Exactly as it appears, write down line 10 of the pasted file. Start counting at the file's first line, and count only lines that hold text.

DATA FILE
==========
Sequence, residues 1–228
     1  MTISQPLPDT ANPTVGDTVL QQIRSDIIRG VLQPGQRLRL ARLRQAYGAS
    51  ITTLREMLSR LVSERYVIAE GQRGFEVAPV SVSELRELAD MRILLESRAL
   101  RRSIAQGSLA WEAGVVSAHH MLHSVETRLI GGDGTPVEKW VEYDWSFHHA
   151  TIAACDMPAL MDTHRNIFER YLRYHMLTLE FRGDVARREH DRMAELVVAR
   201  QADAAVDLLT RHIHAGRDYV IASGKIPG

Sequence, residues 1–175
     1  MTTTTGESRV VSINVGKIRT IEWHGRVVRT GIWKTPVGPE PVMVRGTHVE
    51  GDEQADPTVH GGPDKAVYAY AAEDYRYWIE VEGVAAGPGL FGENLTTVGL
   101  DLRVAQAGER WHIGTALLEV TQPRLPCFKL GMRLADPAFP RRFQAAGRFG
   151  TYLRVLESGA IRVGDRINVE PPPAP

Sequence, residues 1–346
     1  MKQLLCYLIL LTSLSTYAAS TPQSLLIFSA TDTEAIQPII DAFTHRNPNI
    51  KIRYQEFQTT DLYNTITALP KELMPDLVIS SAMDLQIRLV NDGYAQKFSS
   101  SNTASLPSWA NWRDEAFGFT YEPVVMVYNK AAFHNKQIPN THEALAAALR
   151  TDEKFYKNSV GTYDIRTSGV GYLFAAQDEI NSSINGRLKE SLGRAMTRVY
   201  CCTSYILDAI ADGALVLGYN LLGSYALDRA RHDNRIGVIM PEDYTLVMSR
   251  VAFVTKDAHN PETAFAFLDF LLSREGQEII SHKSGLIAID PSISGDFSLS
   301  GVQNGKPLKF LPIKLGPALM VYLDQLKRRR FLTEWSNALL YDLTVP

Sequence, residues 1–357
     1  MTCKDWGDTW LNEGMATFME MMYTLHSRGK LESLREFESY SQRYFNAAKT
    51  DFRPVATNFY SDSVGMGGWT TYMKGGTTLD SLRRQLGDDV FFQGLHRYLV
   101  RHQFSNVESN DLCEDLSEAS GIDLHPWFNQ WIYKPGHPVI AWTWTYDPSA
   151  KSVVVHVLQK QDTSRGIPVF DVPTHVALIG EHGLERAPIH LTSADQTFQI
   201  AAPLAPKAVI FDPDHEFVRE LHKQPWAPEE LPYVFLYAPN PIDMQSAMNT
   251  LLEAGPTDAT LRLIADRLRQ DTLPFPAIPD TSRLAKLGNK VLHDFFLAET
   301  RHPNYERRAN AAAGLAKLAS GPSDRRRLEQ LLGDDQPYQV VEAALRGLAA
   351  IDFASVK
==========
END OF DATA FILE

   101  DLRVAQAGER WHIGTALLEV TQPRLPCFKL GMRLADPAFP RRFQAAGRFG